An Advanced Study of Health Status among School Going Adolescents in South India

Introduction: The duration of adolescence is important for human growth and maturation. In India, teenagers are 21.4 percent of the population (10-19 years), which accounts for one fifth of the total population. The health and nutritional status of children in the country is a significant index of national investment in developing their future workforce. In order to maintain good adult health, achieving optimal growth during teenage age is very necessary. Many children’s health issues may be identified through the availability of school health services. Via daily school surveys, we can treat and avoid many severe problems in children. The current research was conducted in South India to determine the health status and morbidity trend of school-going adolescents in urban areas.

Materials and Methods: The current research was performed in 2010 in 3 urban schools in the community medicine department’s field practice district. A team of physicians, social workers and school teachers evaluated all children in these schools in the age range of 10 to 19 years of age.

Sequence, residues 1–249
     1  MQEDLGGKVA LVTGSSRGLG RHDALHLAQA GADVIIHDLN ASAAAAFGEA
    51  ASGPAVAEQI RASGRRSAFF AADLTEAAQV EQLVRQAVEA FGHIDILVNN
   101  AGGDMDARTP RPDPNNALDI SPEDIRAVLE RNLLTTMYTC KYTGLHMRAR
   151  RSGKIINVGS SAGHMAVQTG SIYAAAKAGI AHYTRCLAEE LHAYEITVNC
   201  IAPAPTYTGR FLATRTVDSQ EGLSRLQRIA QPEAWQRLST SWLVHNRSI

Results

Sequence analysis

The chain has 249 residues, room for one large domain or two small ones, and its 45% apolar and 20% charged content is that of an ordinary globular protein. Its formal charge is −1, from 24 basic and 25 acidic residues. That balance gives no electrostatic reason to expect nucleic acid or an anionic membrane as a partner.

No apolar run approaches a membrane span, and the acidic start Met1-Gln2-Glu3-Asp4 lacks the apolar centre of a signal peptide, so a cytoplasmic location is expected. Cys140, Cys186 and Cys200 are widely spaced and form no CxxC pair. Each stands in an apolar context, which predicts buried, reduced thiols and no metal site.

Results: There were 210 adolescents participating in the present research. Of these, 72(34.29%) were girls and 138 (65.71%) were boys. 53.33 percent of the adolescents were considered to be normal and 46.67 percent were malnourished, according to the weight for age criterion. It was found by adding height to age requirements that 32.86 percent of teenagers were stunted with boys suffering more than 66.67 percent compared to 33.3 percent of girls. Of all health issues, the dental caries were the most common (41.90 percent).

Conclusion: The study found that teenagers had poor health and nutritional status. In developing countries, including India, nutrition is a prevalent public health issue worldwide. For adequate growth and development of the child, proper nutrition is required. A weekly and periodic health check-up with organized adolescent nutrition efforts, along with oriented health education, would improve the health and nutritional status of these schools in the future for adolescents.

Author(s) Details

Dr.  Pravin N. Yerpude
Department of Community Medicine, Chhindwara Institute of Medical Sciences, Chhindwara(M.P.), India.

Dr. Keerti S. Jogdand
Department of Community Medicine, Chhindwara Institute of Medical Sciences, Chhindwara(M.P.), India.

Mohini Jogdand
Department of Community Medicine, SRTR Medical College & Hospital, Ambajogai, Maharashtra, India.

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